Kirsten: Oh, but there’s more. And I think we’re going to do a little extra long This Week in Science this week. We – yeah, the next DJ didn’t show so what we get to do is have more science. So many – so many TWISmas presents for the world out there.

I just found some great news – Justin went upstairs for a little bit so I’m just going to chitter-chatter – the LHC, the Large Hadron Collider has produced its first results. There’s a paper published online this week in Springer’s European Physical Journal C relating to measurements that were taken on November 23, 2009 during the early use of the CERN LHC.
Continue reading Transcript: TWIS.org Dec 15, 2009 Part 2

Transcript-TWIS.ORG Nov 25, 2008

Synopsis: Miracles fruit from Japan makes bitter tastes seem sweet, Flies Gone Wild delivering larva instead of eggs, Mammoth Operations, To the Birds, Sweet Space, Planetary Discovery, Madness, Genetic Explanations, and Learning to Speak.

Justin: Disclaimer! Disclaimer! Disclaimer!

The following hour of our programming deals with subject matter too interesting from most audiences. The show’s content does not represent the views or opinions of University of California at Davis, KDVS or its sponsors as there is no way to tell what the host will say or do while under the influence of breaking science news stories.

The subjects covered here can at times be controversial, often debatable and endlessly offensive even to those who hold world’s views founded without scientific facts.

And while this host may perhaps arrogantly at times, hold scientific fact to be a greater truth in other beliefs or reasonings, it should be noted that the universe is much stranger than any of us realize. It is just now beginning to hint to us the bizarre nature of its quantum mechanical and biological inter-workings.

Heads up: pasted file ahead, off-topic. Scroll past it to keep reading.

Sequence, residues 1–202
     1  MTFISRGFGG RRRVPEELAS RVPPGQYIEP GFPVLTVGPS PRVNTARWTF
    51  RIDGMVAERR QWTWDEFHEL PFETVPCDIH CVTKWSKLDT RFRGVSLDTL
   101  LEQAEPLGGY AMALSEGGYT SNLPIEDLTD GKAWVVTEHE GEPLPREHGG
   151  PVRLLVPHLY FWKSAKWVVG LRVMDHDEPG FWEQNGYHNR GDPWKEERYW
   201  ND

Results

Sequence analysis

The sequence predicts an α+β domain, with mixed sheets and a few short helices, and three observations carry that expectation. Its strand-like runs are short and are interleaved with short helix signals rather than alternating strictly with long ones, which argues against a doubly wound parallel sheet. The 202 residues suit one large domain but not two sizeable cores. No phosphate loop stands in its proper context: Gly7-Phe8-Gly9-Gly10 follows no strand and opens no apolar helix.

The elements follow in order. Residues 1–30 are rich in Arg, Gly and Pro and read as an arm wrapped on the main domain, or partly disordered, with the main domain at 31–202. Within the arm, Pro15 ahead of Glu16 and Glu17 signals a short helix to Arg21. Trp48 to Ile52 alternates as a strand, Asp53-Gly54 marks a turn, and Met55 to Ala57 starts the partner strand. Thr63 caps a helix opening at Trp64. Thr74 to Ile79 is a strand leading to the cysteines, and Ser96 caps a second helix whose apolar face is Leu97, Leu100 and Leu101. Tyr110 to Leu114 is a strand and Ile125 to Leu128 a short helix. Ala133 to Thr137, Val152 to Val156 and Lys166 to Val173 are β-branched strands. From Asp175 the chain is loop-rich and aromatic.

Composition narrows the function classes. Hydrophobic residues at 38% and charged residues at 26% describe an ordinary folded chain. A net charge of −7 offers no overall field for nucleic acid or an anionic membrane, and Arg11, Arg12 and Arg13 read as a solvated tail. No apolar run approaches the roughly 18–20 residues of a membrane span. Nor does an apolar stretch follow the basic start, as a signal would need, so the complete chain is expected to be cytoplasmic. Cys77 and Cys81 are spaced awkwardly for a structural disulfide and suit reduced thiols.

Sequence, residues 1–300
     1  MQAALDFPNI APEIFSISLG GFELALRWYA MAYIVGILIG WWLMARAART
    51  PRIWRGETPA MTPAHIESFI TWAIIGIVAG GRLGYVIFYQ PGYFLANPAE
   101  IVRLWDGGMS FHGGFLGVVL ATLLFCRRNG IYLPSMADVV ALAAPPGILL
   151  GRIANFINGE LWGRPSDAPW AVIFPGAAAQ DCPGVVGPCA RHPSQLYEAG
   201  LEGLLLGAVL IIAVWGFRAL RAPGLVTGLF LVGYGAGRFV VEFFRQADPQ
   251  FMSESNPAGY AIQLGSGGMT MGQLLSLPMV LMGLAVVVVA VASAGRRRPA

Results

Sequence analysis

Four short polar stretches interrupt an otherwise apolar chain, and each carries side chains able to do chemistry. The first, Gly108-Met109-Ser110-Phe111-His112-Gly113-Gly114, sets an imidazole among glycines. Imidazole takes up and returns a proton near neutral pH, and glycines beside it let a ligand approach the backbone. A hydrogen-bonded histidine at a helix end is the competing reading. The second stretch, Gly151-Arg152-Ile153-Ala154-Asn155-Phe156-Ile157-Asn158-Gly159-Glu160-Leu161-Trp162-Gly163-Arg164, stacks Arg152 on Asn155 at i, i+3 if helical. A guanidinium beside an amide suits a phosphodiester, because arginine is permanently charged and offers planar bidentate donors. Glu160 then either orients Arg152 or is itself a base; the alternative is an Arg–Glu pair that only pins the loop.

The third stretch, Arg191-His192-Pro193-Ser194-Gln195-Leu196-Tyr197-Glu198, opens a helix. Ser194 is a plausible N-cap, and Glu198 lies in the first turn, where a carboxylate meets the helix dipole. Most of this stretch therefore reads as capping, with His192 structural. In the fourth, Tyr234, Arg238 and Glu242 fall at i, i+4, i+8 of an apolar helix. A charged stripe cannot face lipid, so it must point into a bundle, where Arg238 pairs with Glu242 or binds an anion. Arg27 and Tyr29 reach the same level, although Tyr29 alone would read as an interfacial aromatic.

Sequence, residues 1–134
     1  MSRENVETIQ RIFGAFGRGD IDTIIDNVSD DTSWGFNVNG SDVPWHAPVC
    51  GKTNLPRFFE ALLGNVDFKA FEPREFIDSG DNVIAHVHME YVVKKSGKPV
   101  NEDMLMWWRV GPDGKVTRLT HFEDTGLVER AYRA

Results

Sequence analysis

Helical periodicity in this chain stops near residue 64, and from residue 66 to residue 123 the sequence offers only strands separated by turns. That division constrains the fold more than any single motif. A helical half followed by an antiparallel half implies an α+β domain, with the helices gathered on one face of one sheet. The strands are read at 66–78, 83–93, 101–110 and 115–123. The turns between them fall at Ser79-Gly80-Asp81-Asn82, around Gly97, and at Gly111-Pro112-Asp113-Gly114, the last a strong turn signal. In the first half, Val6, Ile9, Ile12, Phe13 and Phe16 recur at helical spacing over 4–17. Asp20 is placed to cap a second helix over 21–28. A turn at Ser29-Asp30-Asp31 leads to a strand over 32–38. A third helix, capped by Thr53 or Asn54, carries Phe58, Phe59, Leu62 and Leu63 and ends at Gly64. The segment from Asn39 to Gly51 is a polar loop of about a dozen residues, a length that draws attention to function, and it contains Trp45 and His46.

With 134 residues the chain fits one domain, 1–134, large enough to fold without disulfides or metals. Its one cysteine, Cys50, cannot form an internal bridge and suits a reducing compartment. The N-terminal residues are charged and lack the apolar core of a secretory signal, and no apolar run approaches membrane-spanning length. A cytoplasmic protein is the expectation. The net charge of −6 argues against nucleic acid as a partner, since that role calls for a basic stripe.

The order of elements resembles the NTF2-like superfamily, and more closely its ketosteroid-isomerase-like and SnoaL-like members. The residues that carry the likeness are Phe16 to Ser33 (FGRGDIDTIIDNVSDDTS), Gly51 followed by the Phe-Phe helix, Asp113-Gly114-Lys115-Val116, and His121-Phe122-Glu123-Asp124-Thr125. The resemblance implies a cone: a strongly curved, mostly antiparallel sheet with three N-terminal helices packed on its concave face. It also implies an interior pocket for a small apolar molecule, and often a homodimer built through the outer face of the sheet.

Such strangeness awaits us in this next hour. Such strangeness that has the power to change what you know about the universe you live in. So, get ready to have your reality altered with This Week in Science, coming up next.
Continue reading Transcript-TWIS.ORG Nov 25, 2008

Transcript-TWIS.ORG Dec 16, 2008


Synopsis: Science in the White House!, Jellyfish Rule, Brain Reading, This Week in the End of the World, Penile Precautions, and This Week in World Robot Domination Interview with David Calkins

Justin: Disclaimer! Disclaimer! Disclaimer!

As many of the season are watching movie about the “Earth standing still”, the real world continues on its breakneck pace down an uncertain path. While science is working hard to make this short sidedness of human consumption a sustainable path, there is a price for if we do not choose to change, we must choose to fund.